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Black Canadian filmmakers featured in North Vancouver exhibit

The Polygon Gallery’s ‘As We Rise’ spotlights Black Canadian artistry

By Kikachi Memeh , in City , on May 4, 2023

North Vancouver’s Polygon Gallery has opened a new exhibit, As We Rise: Photography From The Black Atlantic,  that programming co-ordinator Sayo Olowo-Ake believes is making history in Vancouver.

“This will be one of the exhibitions that go down in history as one of the first Black exhibitions in Vancouver,” Olowo-Ake said.

The low visibility of Black art in Vancouver’s major art institutions provides an opportunity for Black artists and art practitioners within those spaces to make a change, she said. The majority of Black art showcased in the city is either organized by small collectives such as The Black Arts Centre or one-off instances in larger-scale institutions like the Vancouver Art Gallery.

Exhibitions of Black artwork and culture tend to be shared during Black History Month but, with this exhibit, the Polygon Gallery is spotlighting Black art and not confining it to February alone.

The three-month exhibition will not stand alone. The gallery is also curating a nine-week program to keep guests engaged and educated about the exhibition’s themes.  

As We Rise exhibition poster at the Polygon Gallery

“We’re trying to create an archive people can refer to,” Olowo-Ake said. It is being curated as a response to what she says is the systemic erasure of Black presence and community in Vancouver.

The programming spans the months of March, April, and May, and is centred on conversations, performances, and screenings of Black/African film, photography, and social narratives. “Blackness is not a monolith and we are not really focusing on one thing. Each filmmaker perceives their own community and will tell a story of that community or its issues”

The films showcased Mahalia Melts in the Rain by Carmine Pierre Dufour and Emilie Mannering, Awakening by Camille Turner, Patty vs. Patty by Chris Strikes, and Une Rencontre Fortuite by Sandra Mathieu, demonstrate the diversity of Black narratives. 


Patty vs. Patty film screening at the Polygon Gallery

The themes of community, identity, and power are prevalent in the Elliot Ramsey-curated exhibition.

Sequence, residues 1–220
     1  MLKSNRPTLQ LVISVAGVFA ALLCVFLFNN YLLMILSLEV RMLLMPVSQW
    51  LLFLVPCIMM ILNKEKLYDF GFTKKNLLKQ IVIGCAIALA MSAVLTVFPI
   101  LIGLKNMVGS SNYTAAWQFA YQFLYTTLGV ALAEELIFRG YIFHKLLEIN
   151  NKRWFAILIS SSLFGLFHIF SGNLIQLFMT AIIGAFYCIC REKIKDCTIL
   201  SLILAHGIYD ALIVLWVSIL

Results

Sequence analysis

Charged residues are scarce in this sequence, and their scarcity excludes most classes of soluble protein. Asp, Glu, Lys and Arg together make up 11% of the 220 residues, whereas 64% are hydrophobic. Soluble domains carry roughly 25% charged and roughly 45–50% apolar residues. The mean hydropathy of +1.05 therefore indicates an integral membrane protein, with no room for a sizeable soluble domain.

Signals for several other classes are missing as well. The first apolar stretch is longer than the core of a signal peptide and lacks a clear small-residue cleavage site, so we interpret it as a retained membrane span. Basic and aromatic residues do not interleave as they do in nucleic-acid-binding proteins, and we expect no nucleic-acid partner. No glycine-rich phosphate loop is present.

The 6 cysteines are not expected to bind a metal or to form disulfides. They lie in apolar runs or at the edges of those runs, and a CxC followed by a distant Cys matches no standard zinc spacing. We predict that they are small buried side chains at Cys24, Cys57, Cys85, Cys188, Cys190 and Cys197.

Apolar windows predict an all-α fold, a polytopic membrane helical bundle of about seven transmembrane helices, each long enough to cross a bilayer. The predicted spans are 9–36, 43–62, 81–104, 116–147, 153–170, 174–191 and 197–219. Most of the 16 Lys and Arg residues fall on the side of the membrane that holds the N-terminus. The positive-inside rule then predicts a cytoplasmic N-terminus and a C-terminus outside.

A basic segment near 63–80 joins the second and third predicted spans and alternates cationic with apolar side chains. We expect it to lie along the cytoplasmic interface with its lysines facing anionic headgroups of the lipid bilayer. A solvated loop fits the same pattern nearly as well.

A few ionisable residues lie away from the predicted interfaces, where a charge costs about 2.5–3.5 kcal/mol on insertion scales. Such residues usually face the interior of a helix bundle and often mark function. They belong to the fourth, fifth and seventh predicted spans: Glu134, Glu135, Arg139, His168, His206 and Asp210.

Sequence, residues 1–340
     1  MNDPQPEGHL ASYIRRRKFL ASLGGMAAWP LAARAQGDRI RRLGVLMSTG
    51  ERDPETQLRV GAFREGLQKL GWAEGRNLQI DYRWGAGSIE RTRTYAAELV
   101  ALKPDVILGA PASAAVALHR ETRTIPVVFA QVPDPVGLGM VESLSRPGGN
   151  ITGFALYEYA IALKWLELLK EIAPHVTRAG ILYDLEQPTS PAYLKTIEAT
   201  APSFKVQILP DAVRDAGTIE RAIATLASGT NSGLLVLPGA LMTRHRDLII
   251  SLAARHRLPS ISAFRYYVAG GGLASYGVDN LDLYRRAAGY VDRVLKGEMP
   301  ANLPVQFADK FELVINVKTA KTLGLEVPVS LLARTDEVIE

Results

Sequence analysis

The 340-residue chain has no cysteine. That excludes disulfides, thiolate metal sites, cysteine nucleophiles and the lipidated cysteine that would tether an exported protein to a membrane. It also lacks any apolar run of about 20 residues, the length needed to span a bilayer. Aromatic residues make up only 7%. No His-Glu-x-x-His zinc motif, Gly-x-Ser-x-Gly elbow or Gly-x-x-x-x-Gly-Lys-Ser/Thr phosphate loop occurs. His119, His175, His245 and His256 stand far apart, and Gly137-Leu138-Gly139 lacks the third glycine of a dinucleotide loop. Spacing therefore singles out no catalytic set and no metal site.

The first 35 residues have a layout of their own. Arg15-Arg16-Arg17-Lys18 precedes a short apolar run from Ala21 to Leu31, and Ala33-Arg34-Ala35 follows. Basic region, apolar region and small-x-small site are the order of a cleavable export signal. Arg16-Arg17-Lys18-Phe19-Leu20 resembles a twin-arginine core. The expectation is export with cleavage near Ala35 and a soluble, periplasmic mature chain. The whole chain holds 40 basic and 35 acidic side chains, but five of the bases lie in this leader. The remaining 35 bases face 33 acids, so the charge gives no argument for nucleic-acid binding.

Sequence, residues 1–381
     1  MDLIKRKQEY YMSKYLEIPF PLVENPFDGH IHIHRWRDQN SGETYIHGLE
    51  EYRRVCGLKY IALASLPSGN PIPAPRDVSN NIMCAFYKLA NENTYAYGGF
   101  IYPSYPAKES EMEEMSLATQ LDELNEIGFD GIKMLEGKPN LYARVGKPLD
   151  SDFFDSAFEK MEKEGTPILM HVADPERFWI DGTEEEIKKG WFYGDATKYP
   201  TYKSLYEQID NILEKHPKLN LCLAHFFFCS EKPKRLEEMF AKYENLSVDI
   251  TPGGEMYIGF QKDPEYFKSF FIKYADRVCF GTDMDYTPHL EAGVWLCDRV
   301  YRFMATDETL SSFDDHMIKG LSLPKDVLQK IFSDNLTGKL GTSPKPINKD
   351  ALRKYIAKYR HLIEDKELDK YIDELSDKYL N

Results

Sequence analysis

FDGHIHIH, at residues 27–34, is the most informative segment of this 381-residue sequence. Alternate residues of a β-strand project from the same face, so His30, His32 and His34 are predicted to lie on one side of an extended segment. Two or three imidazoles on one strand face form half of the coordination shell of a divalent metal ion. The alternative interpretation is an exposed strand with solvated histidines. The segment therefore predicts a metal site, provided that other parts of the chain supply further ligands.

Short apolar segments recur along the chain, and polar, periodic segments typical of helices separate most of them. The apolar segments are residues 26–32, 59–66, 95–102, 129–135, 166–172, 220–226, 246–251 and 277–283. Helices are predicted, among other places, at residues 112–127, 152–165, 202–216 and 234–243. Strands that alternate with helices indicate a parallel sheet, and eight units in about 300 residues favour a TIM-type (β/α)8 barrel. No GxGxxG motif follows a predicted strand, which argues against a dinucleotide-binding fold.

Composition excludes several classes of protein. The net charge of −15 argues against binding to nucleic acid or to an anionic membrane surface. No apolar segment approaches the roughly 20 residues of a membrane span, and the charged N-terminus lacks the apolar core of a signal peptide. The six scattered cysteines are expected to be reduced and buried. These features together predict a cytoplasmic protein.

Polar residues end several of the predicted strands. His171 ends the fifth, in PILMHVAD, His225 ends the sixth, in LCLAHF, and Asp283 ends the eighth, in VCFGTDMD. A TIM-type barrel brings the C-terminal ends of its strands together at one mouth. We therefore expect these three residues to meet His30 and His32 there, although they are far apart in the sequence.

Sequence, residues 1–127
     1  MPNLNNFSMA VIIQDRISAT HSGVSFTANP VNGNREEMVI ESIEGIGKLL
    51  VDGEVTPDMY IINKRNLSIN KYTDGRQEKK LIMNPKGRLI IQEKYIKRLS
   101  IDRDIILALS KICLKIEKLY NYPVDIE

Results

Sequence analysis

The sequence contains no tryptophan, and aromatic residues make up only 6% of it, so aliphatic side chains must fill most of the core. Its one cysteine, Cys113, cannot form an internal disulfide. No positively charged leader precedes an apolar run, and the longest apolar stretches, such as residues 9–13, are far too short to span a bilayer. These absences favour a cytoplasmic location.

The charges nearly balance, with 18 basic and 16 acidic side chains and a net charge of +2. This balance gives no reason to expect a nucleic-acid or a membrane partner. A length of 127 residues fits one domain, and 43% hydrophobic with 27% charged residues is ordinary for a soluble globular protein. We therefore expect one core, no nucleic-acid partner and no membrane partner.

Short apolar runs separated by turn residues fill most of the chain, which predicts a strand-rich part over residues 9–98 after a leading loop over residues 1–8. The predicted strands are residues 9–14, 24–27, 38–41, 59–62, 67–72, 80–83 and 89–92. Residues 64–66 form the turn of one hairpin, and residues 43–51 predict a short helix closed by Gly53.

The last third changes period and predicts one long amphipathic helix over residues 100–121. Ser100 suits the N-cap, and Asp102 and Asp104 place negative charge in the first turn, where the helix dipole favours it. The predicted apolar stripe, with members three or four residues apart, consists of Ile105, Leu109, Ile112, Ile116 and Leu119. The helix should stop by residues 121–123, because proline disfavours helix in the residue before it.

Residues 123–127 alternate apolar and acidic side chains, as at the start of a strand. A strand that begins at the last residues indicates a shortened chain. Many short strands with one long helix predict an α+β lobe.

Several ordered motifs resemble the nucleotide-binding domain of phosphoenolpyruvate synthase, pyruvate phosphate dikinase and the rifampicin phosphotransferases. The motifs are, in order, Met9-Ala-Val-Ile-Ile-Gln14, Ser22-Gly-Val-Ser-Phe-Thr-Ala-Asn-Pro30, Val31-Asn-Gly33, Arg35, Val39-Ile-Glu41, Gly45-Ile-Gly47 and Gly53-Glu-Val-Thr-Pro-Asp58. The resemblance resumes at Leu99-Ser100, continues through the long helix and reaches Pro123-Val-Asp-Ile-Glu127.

“These different films speak to the themes Elliot and I were talking about in the exhibition,” Olowo-Ake said.

Chris Strike, whose short documentary Patty vs. Patty explores the theme of community through its display of the legal battle between the government of Toronto and the Jamaican community, said despite his film largely being relatable to people in Toronto, he appreciated the ability to give the film a chance to resonate with a different audience. 

The feeling was the same for Mathieu. “Events like this are helping a lot,” said the Quebec-based filmmaker. She said that showcases like this one help the ideas in the film to sit with different audiences. 

Listen to the full Q and A session with the filmmakers 

The hope is that this exhibit ignites further collaborations between Polygon and Black artists in Vancouver.

The gallery is set to collaborate with talents like Wanuri Kahiu, Jorian Charlton, Nya Lewis, Sade Awele, Jamila Pomeroy, Karice Mitchel, and several other talents in the Black and African communities within and beyond Canada.

According to Olowo-Ake, the programming for the exhibition is meant to be an extension of Kenneth Montague’s father’s famous phrase “Lifting as we rise,” a sentiment that is meant to encourage the idea of using one’s success to elevate others.

“It’s not just saying come and see what Black people are doing, it’s giving them the space to be, to show their work and engage with other people,” Olowo-Ake said.

In this case, the Polygon Gallery is using its platform to spotlight Black artists in the Vancouver community. 

As We Rise exhibition hall
As We Rise exhibition hall Polygon Gallery


The show comes at a time of change in the Black community in Vancouver.

“The Black population is growing and it’s growing rapidly,” University of British Columbia Professor and Director of the Centre for Culture, Identity, and Education, Dr. Handel Wright, said.

However, the move to showcase Black art and artists is slow.

A few art institutions are starting to open their walls to Black art and artists. In November 2022, Surrey Art Gallery, in partnership with the Black Arts Centre put together an exhibition, titled I See, I Breathe, I Am, which focused on the duality of blackness. Artspeak’s latest exhibition, No Neutral Language, which opened on  Feb. 9th is also set to run till mid-April.

“I think we should aim for it becoming the norm,” said Wright. “There’s something problematic about the fact that people only notice and want to talk about Blackness during one month,” Wright said. According to him, institutions and publications all scramble to get a quote or two out of him during February and disappear after February ends. “As soon as February ends, people don’t know about Black people anymore.”